3rd overall, culminating in a podium kiss with my bronze medal buddy.
|This could have gotten awkward if one of us finished 2nd.|
In the last 6 months, Megan and I have raced in Montana, Pennsylvania, New Hampshire, California, Colorado, North Carolina, Utah, Italy, Oregon, and now, Hawaii. We have sampled the local cuisine (Italy: gelato, Oregon: beer, Montana: lost hiker), gotten married in a mountain meadow (our groomspeople were mosquitos), and explored a couple thousand of miles of trails. And last week, all that culminated in being named the male and female USA Sub-Ultra Trail Runners of the Year! This really has been a once-in-a-lifetime whirlwind of a half-year. Thanks Nike and Gu for supporting the adventures!
Results since I last posted:
US 50k Champs: Megan 1st! David 4th!
|Megan winning her 2nd national championship in less than a month.|
Brazen Championship Race: Two 1sts!
|On our taxes, we plan to write-off frozen yogurt as a business expense.|
Mt. Tam Trail Race: Two 1sts!
Moab Trail Marathon: Two…DNFs.
Oh man, that last one. That last one was tough, for both of us. The course just didn't suit us and there was no way to keep going that day. We had planned to end our season after Moab, prepared to run very little and eat just enough ice cream to make like a Twinkie, indestructible and squishy all over. But standing on a slick-rock tower in southern Utah a few hours after the DNFs, we decided to shoot for one more big race. XTERRA Worlds in Hawaii.
The week before the race, I was crossing a street in Alaska when I accelerated to catch a light. Of course, Alaska is the land of snow and ice, and I had an exaggerated, cartoon-like fall onto my butt. Why does David cross the road? To make a fool of himself in front of work colleagues, apparently. But definitely not to get to the other side. He isn’t very good at that. The booty contusion will come back to the story later…
The rest of the week was spent doing my runs on ¾ of an Anchorage block that were mostly ice free. Also, if you run 8 miles back and forth in front of the mayor’s office at 6 AM, you may get questioned by the police. Just an FYI.
After a few 16 hour work days and meals composed primarily of cute, charismatic megafauna, I met Megan in Hawaii. She had med school finals while I was dining on fairy tale creatures in Alaska, so we were both exhausted and one of us smelled vaguely of salmon and caribou. Surprise twist: that person was Megan. She slept with Addie the Adventure Pup while I was gone, and everything Addie touches turns to an exciting, fur-covered olfactory experience.
We had an amazing home-stay in Oahu, just 3 miles from the race-site. Sergio is an amazing athlete and father, who did not ask questions when we treated his 2-year old son Kai like a puppy. “Good boy! Come here for a head scratch! FETCH! /throws tennis ball” In our defense, it’s all we know. Also, Kai actually did fetch the ball, so we’ll probably be the best parents.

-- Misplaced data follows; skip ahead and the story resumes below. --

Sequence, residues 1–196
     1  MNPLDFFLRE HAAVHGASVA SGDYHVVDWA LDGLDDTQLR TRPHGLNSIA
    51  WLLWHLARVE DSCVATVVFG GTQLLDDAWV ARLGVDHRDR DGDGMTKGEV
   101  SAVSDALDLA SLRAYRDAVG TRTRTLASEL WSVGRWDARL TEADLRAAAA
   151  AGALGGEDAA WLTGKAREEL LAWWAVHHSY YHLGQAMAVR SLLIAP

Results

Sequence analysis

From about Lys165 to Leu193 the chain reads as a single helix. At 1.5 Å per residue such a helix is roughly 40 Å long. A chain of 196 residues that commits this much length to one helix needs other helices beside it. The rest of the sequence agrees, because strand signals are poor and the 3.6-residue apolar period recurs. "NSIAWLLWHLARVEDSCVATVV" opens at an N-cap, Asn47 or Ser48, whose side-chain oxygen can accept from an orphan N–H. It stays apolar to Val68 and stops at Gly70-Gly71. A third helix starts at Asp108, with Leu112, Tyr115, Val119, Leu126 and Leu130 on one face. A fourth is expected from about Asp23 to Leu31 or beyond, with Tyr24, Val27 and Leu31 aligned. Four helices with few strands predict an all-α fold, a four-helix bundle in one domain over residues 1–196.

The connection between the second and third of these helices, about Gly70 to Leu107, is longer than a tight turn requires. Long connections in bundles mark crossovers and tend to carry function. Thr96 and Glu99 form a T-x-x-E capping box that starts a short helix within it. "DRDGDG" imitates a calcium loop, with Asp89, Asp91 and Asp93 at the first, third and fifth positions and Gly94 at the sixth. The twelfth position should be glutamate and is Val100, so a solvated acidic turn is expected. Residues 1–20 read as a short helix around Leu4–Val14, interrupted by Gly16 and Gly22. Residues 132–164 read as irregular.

The day before the race, we did our shake out jog in the jungle. The best word to describe trail conditions would be moist. It was the moistest. After Alaska, I was sweating from orificies I didn’t know I could sweat from. Ear sweat is a thing, and it makes it harder to hear my own humidity-induced wheezing, which is a good thing.
We woke up on race morning to a gorgeous moon-rise and an even more gorgeous gallon of instant coffee. Sitting there with Megan, an hour before the race, there was a moment of silence on the anniversary of the Pearl Harbor attacks. Thinking of the sacrifice filled us with a humbling swell of gratitude. Being there, at that moment, with my soul mate—that was empowering. Whatever happened in the race, we made a pact. Let’s go for it, fight our asses off, and finish no matter what.
Like the booty contusion, that “no matter what” would come back to the story later…
At 9 AM, the humidity was touching 100% and the sun was rising high into the sky, just as the gun was about to go off. I sprinted to the start line, where Megan was waiting alongside of some of the best trail runners out there. To give context for the next moment, I have to tell a quick story.
In 2010, 2.5 months after we met and 1 month after we said “I love you” for the first time, we did a race that started at midnight on New Year’s Eve. We were both wearing evening-wear, were a couple drinks deep in the night, and were entering the race as non-serious non-runners coming from other sports. As the ball dropped, I leaned over for the obligatory New Year’s kiss. I put my hand on the back of her sparkling dress, and my lips slowly began the descent to her face.